I had a bit of a rough week (sickness/etc), hence the later-than-usual post this morning, but I have AWESOME plans for next week!
Many of you know that my grandmother passed away in October, and about a month ago, I drove the truck over to Vancouver (on the ferry of course, since the truck isn't a sea-worthy vehicle in itself... though that would be awesome) and spent three days packing up all her porcelain painting supplies. No one else wanted them besides me, so I got everything, including three different sized kilns.
The boxes filled every square inch of my Ford F150... extended truck bed + all interior space.
And next week, I'm headed back to the mainland to spent three days painting with one of my grandmother's painting-buddies!
Porcelain painting is literally a dying art, and that's mostly because a 'young' china painter means you're only in your 60's. It's a very traditional art form, the style is pretty old, floaty with lots of delicate flowers and things, plus it is the hardest kind of painting you can do, because the medium itself is finicky. There's a real trick in even mixing the powdered paint to a proper consistency, paint doesn't behave on porcelain the way it behaves on canvas or paper. If you don't have enough paint on your brush, or try to paint over another brushstroke, you'll actually remove the paint already on there. There's also no such thing as white paint -> you have to remove paint deliberately, with a brush or another tool.
I think, in terms of how you use the medium, it would be most closely related to chinese ink brush painting. You have to have confidence in your brush strokes because mistakes can't easily be fixed. Often you have to wipe everything off and start all over again, which is why porcelain painting is usually done in thin layers which are fired before another layer is added on top. But when it's fired, it's there forever.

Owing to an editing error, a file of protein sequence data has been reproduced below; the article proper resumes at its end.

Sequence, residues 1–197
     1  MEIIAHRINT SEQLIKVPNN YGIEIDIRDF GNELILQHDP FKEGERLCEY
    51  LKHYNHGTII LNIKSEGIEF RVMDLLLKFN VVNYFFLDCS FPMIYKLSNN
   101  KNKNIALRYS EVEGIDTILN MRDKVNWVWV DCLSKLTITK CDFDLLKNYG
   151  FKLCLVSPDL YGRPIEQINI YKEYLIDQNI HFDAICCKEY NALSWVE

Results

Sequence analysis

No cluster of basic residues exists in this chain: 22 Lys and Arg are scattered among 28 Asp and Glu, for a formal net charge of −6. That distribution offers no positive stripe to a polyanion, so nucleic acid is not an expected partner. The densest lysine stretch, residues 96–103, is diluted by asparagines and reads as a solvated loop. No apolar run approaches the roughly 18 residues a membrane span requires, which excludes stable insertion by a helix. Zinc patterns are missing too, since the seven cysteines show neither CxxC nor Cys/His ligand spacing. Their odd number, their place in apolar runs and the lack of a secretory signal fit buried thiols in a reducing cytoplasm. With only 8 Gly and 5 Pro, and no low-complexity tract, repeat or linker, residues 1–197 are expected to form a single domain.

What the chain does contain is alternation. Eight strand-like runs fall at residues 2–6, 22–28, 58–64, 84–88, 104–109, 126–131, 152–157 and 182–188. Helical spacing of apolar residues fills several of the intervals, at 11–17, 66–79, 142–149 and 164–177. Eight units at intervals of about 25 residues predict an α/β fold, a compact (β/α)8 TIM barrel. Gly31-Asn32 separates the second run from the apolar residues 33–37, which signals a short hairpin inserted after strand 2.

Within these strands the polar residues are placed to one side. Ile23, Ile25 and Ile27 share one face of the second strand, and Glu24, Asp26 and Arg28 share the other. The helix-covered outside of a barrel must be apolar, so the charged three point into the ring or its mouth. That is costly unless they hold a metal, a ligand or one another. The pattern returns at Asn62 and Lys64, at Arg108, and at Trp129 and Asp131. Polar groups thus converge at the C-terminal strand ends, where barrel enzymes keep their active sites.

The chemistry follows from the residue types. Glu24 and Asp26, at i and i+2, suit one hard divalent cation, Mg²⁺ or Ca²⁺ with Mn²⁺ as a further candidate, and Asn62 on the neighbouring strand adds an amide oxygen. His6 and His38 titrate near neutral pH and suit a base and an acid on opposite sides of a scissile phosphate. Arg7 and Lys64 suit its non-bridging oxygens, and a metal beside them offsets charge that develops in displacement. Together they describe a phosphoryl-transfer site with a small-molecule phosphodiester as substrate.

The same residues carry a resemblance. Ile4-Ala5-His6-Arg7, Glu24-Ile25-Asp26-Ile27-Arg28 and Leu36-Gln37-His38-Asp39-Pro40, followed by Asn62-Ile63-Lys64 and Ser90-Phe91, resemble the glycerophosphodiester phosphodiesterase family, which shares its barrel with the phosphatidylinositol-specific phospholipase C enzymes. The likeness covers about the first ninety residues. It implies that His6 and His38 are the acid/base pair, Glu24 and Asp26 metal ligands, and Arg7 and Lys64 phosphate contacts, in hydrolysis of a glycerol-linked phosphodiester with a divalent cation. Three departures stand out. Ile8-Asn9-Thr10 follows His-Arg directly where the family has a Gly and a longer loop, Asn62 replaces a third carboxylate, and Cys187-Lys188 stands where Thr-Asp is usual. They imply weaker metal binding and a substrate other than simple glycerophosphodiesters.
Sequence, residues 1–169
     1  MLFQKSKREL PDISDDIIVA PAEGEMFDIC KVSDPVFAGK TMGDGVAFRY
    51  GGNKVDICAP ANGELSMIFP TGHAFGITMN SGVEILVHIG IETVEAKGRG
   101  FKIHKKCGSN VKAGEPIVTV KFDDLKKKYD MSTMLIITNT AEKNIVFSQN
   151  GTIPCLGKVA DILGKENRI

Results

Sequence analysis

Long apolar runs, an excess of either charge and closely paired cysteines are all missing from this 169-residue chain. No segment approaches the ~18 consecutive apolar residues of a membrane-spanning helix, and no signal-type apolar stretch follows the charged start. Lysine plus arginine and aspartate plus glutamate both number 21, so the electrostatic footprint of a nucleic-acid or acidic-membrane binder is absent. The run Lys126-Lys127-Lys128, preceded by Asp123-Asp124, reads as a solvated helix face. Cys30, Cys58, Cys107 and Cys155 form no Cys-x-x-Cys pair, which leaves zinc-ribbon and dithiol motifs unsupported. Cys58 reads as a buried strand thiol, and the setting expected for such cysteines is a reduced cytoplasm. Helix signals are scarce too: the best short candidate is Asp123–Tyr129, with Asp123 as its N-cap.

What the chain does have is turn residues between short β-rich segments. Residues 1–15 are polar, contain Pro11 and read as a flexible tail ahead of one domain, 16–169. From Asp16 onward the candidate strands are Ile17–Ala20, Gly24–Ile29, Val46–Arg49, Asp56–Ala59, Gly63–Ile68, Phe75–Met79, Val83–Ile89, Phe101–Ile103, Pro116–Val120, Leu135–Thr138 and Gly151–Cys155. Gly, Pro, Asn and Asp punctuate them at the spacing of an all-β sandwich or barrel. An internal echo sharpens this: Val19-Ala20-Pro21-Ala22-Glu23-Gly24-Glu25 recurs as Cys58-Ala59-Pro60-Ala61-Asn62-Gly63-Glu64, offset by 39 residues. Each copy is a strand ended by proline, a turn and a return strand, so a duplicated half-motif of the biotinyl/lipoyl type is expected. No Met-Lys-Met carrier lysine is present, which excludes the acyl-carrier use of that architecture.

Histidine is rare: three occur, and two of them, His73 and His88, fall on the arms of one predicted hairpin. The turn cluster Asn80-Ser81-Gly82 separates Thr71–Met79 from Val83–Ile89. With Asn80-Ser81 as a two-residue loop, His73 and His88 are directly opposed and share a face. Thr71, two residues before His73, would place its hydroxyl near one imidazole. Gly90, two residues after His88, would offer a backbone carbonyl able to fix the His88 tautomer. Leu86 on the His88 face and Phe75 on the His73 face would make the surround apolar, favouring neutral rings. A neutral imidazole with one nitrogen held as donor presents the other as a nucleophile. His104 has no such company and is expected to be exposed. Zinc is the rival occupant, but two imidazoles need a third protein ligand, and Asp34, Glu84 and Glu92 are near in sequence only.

Since I haven't actually painted on porcelain in a few years... I have a lot to re-learn. If my teacher deems me worthy, I also may get a lesson in painting with 24 carat gold, raised enamel and lustres -> all of which are very expensive... so I don't want to waste the materials I have inherited.
I'm going to prepare a few posts to go up while I'm gone because I doubt I'll have internet access next week (more Project #5). If, after three days of painting, I end up with anything not hideously embarrassing, I'll post some pictures the following week.
There is also a National Porcelain Painters of Canada convention in Ottawa the first week in May, which I think I'm going to sign up for.
So those are my exciting, far-reaching plans :)
How about you? Any non-writing challenges going on? How about a new hobby?